Meet ‘Simba’ the two-day old fishing cat kitten (Prionailurus viverrinus). Yesterday we received a call from a member of the public who had found this little kitten in the middle of the road in front of their house. We were rather suspicious as to why the kitten had been found without its mother. The WFFT Rescue Team headed out immediately to investigate. Upon arrival we were surprised to find a tiny fishing cat kitten that was clearly only born a few hours ago. The team questioned the people that found him further to try and figure out why he was found in the road. We were told that the mother of the fishing was actually a released rescued animal, that they had found in a rice field next to the house while working a few years ago, they raised the cat into adulthood and then released it back to the wild. They told us that the mother fishing cat on occasion will return to the house she was raised for a visit. Just yesterday they saw her and it appears that she had given birth to a litter of kittens somewhere close to the house, then decided to move them to a different location shortly after they were born. While moving the kittens she had dropped this particular one in the road she had to cross to move them to a different location. Did this cat return to her home to give birth to her kittens, where she feels safe? Shortly after finding the kitten they left him in a box for a few hours to see if the mother would return and collect him, unfortunately the mother was not seen again. When we arrived we found the kitten to be very cold and in urgent need of some milk, so we headed straight back to the WFFT Wildlife Hospital with the little kitten held closely to vet Aon’s chest to keep warm.
The IUCN Red List of Threatened Species lists the fishing cat as Vulnerable (VU). Recent surveys suggest that Fishing Cat populations are in decline within all range countries at an alarming rate, particularly in Southeast Asia. Research reveals a declining population facing an array of severe threats from habitat destruction to active persecution due to perceived conflict. Poaching and retribution killing were the major causes for a high Fishing Cat mortality of 84% in Thailand, where 16 individuals have been monitored over a three-year radio-telemetry study (Cutter 2015). Habitat loss and destruction along with the killing of Fishing Cats by local people throughout the species’ range has led to a global population decline suspected to be 30% or more, in the past 15 years.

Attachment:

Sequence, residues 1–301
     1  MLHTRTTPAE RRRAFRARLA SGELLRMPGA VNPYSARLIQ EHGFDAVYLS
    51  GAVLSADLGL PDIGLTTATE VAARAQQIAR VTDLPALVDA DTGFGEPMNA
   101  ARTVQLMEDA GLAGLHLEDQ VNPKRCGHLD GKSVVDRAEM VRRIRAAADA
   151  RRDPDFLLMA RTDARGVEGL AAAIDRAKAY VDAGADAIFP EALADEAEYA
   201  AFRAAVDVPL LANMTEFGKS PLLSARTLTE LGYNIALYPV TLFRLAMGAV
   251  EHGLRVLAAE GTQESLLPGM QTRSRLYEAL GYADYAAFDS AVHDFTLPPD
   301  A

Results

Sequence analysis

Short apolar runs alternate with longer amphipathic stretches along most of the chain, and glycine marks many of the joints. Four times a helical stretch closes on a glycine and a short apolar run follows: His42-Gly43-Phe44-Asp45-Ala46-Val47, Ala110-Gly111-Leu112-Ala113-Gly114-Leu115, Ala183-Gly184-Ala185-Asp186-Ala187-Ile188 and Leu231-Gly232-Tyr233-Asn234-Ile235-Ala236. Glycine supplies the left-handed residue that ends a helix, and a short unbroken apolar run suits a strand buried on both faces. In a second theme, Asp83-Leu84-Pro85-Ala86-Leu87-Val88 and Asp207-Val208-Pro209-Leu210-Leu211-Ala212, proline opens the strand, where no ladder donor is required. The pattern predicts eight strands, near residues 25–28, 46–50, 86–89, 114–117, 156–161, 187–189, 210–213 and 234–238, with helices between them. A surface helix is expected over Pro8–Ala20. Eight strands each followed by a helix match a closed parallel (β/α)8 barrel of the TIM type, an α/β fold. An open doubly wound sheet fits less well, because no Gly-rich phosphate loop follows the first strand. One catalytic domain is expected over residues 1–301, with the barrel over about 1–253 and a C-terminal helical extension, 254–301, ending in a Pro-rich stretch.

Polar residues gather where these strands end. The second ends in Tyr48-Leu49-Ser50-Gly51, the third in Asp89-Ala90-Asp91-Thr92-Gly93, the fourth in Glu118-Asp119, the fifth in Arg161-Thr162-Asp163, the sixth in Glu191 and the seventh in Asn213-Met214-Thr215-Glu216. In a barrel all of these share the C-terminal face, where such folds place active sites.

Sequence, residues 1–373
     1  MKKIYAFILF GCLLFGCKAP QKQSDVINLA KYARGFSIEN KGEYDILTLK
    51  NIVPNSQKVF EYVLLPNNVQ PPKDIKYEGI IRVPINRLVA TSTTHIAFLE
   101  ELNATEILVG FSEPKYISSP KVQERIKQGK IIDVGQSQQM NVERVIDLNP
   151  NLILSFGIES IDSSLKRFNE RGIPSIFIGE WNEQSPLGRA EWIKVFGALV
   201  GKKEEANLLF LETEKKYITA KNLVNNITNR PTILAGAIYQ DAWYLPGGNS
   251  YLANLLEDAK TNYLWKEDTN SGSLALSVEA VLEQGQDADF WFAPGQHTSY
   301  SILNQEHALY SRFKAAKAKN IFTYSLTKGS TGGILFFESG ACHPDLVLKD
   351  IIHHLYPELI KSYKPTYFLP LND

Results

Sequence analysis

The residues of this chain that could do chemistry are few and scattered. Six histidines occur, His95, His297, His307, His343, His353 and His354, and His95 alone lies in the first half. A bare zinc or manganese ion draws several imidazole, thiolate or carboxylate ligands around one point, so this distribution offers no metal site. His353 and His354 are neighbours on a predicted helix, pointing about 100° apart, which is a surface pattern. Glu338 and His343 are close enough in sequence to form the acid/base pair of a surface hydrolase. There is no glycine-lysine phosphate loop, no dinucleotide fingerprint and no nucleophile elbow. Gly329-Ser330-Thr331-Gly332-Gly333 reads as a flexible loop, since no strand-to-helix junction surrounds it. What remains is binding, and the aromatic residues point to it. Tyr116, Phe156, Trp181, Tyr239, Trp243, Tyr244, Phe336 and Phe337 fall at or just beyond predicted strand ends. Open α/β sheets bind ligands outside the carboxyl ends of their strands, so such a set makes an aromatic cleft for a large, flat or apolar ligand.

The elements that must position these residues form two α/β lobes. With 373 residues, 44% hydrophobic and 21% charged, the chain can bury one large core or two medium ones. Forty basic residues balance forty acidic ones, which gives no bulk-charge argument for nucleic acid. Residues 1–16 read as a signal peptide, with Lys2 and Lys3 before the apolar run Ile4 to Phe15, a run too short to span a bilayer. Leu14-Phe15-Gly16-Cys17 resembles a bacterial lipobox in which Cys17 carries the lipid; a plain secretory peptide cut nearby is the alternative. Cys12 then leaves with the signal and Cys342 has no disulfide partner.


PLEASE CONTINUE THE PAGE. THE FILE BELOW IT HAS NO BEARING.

The Fishing Cat faces a high risk of extinction throughout its range and is thought to be amongst the most vulnerable of the small and medium-sized cats in Southeast Asia, reflecting the very low overlap of occupied habitat with protected areas and other conservation interventions, rather than any particular inherent higher susceptibility than shown by the other small cats. The major threat across its South Asian range appears to be habitat loss and fragmentation by developmental activities such as urbanization, industrialization, agriculture and aquaculture (prawn and shrimp farms), whereas in Southeast Asia persecution is the major threat (IUCN, 2016).
Today this little kitten is two days old and seems to be a little fighter. For now, he is under round the clock care from our vet team, spending his time in a special incubator that creates a perfect environment where his special needs can be met. As Simba is so young and very small we cannot for certain be sure that he will back it, never mind start planning for his future. For now, he is good, we will have to wait and see what the coming days will bring. We will keep you posted on his progress.